(I couldn’t find a breakout of specifically how many -2800s P&W built specifically during the war, and that engine didn’t cease production until 1960, at which point they’d built 160k overall. Nash’s numbers are wartime-only. I guesstimate that the wartime -2800 numbers are clear of 120k.)

The Japanese never successfully got anything more powerful to production, while Wright had the R-3350 in full production before the end of the war (production priorities meant that the B-29 was the only significant user of the engine before the war ended.) Pratt and Whitney had the R-4360 flying in numerous prototypes and pre-production aircraft before the end of the war, and it probably would have seen combat had the war been prolonged at all.

The disparity is pretty significant.

Yeah, I just wanted to know by what metric.

bewbies
Sep 23, 2003



Fun Shoe

Raenir Salazar posted:

How much of that is because they couldn't freely go into Manchuria and Soviet airspace to destroy facilities?

I mean, they got so thoroughly brutalized in Korea proper that they had to switch to nighttime ops (albeit after wrecking a bunch of stuff in the DPRK). I can't imagine things would've gone better for them had they gone into Soviet airspace; either getting mauled during the day or bombing indiscriminately at night.

Acebuckeye13
Nov 2, 2010

There's only one prescription for Nazism and it's 76mm HVAP





Ultra Carp

bewbies posted:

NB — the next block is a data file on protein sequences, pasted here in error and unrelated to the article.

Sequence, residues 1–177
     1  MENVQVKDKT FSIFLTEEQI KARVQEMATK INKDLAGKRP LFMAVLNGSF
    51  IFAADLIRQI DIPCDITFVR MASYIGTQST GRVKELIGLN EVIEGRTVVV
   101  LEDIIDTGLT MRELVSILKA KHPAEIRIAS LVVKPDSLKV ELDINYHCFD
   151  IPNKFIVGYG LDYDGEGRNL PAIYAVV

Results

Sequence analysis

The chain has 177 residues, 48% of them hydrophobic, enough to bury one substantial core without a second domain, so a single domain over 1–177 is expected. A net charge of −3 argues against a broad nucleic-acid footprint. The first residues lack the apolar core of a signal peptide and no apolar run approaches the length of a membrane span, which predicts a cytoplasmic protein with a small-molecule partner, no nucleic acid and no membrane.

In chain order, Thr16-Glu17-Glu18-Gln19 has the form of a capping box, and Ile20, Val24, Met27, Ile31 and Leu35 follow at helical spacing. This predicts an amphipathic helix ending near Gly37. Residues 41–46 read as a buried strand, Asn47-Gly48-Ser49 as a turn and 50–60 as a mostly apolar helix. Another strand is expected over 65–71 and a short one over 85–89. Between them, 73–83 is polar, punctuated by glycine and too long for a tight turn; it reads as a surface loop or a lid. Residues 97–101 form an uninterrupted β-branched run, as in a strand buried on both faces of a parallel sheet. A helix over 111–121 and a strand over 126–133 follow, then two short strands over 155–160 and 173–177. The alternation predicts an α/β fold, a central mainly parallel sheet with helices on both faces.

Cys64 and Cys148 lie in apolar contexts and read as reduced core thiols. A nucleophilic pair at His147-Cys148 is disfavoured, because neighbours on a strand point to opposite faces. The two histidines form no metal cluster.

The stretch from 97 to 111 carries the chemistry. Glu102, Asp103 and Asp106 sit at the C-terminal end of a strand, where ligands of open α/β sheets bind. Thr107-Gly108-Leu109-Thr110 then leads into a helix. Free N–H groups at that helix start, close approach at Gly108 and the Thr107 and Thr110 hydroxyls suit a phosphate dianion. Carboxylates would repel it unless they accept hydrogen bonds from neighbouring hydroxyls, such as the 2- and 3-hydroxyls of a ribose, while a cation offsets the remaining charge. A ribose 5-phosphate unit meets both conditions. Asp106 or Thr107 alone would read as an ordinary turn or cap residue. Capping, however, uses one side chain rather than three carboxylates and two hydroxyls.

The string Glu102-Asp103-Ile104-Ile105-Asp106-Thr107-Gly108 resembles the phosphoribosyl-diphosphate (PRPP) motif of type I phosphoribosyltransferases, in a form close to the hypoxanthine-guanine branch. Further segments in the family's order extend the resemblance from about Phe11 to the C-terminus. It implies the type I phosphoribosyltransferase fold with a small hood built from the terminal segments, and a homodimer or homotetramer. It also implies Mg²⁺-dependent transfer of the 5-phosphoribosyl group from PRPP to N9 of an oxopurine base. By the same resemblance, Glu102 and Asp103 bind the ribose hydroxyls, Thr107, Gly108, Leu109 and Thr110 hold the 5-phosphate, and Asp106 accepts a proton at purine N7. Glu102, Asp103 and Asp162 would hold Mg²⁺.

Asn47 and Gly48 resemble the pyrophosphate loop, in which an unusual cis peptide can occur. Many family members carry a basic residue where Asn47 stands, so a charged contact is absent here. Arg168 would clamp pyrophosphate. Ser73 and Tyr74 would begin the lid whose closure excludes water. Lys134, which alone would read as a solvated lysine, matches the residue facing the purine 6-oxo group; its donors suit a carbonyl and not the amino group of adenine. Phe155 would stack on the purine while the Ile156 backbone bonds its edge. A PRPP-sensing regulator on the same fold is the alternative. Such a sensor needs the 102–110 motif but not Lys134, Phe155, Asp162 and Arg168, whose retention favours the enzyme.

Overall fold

[s]


It was a terrible waste of resources. You seem to be in love with the performance parameters and not familiar with their cost or operational history.

Also, it was super obsolete shortly after the war (look at their performance in Korea).

so obsolete that the B-50 was being built into 1953

Like, I'm well aware that the B-29 had a ton of issues. It was still a powerful aircraft that performed a unique role both during and after the war, and your assertion it was a waste of money is completely ridiculous.

Sagebrush
Feb 26, 2012


"Why does that Subaru break down every time you look at it, Travis", Punchy said. I nearly fell out of the jump seat in my Brat, aghast. "That thing a princess?" I coughed and gulped. "Hahahaha, nice one, Punchy", I said

bewbies posted:

It was a terrible waste of resources. You seem to be in love with the performance parameters and not familiar with their cost or operational history.

Also, it was super obsolete shortly after the war (look at their performance in Korea).

The B-29 was worth every penny of its development costs as it was the only aircraft capable of carrying an atomic bomb to japan, ending the war

bewbies
Sep 23, 2003



Fun Shoe

Acebuckeye13 posted:

so obsolete that the B-50 was being built into 1953

Like, I'm well aware that the B-29 had a ton of issues. It was still a powerful aircraft that performed a unique role both during and after the war, and your assertion it was a waste of money is completely ridiculous.

They spent 3 BILLION DOLLARS on just under 4,000 frames in an era when a frontline fighter cost 50 grand, and wound up with a plane that burst into flames with alarming frequency, while performing a role that probably didn't really need to be played to end the war (though it should be noted that they contributed to Operation Starvation, which was a much more sane use of military resources).

It was a stupendous waste of money, and would have been ruinous to a military not the midcentury US. That the US had the resources to keep developing and funding the thing doesn't make its cost to benefit ratio look any better.

zoux
Apr 28, 2006



ought ten posted:

I want to know what I thought zoux was asking, which is what was the drat problem with making the XC-99. It’s chonky

I was asking about the B-29 but really, I'm all about any kind of difficult plane development